Print Yatra in Rajasthan on its sixth leg

On a mission to connect to printers across geographies, Print Yatra, organised by the Offset Printers Association (OPA), on its sixth leg, has been travelling through Rajasthan. The mission of the Print Yatra is to unite 250,000 printers of India. It has already covered 3,602 kms in the first five legs, visiting 45 cities across Punjab, Haryana, Himachal Pradesh and Chandigarh.

11 Jul 2018 | By Rahul Kumar

According to Kamal Chopra, general secretary, OPA, the sixth leg is going to be the longest one as it is going to cover a distance of approximately 1120 km for visiting nine cities of Rajasthan and Haryana.

Flagging off the sixth leg of Print Yatra 2018, Kushl Kumar Jain, senior vice-president, OPA, congratulated the team for its dedication and determination, pointing out that it’s not always easy to leave the business and visit places for such a social cause. “My wishes are always with the team and I do hope for the exceptional outcome from this mission,” he said.

GS Dhillon, who was the team member for fifth leg, said it was satisfying to notice the enthusiasm amongst printers of hill cities, especially meeting the members of the new association at Hamirpur with Rakesh Kumar as president, Anoop verma as general secretary and Jai Pal Sharma as finance secretary.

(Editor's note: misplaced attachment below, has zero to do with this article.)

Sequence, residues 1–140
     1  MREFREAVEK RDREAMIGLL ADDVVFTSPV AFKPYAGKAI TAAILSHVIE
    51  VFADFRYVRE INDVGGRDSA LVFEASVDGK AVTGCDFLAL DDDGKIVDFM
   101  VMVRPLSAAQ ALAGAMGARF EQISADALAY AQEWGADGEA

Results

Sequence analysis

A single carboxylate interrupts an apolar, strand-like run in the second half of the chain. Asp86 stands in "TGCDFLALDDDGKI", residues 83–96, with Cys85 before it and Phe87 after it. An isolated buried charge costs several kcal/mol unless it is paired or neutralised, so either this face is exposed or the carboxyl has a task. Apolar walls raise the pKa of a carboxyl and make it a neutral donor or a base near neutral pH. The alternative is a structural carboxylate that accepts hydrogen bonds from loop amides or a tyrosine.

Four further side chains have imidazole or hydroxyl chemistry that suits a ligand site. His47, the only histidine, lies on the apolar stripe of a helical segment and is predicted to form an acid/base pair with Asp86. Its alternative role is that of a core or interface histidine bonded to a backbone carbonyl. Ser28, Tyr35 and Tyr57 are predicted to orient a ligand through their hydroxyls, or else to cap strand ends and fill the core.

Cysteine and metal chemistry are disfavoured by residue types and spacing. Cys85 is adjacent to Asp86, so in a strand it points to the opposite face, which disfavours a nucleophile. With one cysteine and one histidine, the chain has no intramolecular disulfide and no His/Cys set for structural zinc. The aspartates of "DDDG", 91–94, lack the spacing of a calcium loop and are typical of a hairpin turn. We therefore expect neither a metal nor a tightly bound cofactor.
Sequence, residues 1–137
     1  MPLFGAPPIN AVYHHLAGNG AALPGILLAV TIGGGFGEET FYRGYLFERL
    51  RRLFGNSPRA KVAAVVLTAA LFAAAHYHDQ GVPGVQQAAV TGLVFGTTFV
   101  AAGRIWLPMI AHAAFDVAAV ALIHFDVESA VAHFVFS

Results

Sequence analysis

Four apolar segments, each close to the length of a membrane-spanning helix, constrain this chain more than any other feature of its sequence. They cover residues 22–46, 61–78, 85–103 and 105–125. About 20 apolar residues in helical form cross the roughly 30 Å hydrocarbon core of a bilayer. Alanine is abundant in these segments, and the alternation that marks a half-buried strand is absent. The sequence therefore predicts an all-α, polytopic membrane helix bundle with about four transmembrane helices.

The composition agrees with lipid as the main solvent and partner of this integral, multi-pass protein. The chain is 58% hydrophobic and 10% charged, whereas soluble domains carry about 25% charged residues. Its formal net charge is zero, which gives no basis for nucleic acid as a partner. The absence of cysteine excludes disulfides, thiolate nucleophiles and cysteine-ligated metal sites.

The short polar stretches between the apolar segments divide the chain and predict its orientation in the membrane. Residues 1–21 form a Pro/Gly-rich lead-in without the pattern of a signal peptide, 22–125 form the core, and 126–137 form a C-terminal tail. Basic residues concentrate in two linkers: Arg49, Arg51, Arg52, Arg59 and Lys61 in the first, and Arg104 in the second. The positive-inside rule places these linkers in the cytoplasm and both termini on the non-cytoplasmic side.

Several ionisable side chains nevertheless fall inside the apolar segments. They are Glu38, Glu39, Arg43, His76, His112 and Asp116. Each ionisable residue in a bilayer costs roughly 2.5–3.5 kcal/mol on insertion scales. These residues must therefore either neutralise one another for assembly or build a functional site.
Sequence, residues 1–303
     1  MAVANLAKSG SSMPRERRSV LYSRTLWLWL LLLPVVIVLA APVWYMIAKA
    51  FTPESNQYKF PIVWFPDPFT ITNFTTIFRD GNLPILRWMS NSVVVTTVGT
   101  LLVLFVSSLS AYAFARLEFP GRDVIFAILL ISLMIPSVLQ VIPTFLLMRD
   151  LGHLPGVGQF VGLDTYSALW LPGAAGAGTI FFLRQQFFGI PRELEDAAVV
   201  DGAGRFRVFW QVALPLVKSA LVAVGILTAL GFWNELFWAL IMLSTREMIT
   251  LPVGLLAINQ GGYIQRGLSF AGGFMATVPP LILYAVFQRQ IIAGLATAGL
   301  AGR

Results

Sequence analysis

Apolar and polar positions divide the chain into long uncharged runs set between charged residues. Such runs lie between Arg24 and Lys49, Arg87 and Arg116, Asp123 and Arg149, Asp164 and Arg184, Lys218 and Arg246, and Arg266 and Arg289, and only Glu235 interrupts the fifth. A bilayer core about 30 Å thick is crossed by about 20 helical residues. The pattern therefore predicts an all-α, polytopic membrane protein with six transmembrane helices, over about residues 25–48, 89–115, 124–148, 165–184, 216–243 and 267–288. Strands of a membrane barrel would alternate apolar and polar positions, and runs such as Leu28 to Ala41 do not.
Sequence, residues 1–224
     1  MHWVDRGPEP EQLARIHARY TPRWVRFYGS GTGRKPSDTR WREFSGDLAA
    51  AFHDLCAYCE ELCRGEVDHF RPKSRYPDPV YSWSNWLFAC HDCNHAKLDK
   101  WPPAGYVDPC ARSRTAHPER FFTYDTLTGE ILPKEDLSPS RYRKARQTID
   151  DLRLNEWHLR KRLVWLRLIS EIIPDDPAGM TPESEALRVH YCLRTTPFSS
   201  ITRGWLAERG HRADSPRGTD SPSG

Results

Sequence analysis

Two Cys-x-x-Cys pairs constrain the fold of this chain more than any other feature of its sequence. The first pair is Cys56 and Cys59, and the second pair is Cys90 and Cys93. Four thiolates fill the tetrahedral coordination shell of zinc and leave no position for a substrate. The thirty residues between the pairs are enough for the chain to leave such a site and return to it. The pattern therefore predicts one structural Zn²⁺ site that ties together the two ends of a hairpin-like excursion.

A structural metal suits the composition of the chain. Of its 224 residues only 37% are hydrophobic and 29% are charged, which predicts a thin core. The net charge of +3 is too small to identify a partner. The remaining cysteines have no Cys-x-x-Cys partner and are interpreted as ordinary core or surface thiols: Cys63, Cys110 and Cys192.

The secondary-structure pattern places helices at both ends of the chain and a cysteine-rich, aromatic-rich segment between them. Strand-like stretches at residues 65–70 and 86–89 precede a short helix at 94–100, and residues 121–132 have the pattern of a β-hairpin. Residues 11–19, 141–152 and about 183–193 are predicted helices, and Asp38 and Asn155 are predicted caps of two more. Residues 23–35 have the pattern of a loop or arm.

Hans Raj Chopra, finance secretary, OPA, said, the Print Yatra was initiated to establish networks among 250,000 printers across India. “Through this, we are motivating printers to work together, form associations and come together for overall benefit of the printing industry. The project was initiated in 2010 and until 2016, we have visited 90+ cities and covered approximately 11,000 km in Punjab, Haryana, Himachal Pradesh, Jammu & Kashmir, Rajasthan, Uttar Pradesh and parts of South India. It is worth mentioning that due to these efforts, 51 new printers’ associations have emerged, mostly in Northern region,” he added.

Nitin Malik elaborated that during the 2018 edition of Print Yatra, four new printers associations emerged at Samrala and Rup Nagar (Punjab), Hamirpur (Himachal Pradesh) and Chandigarh.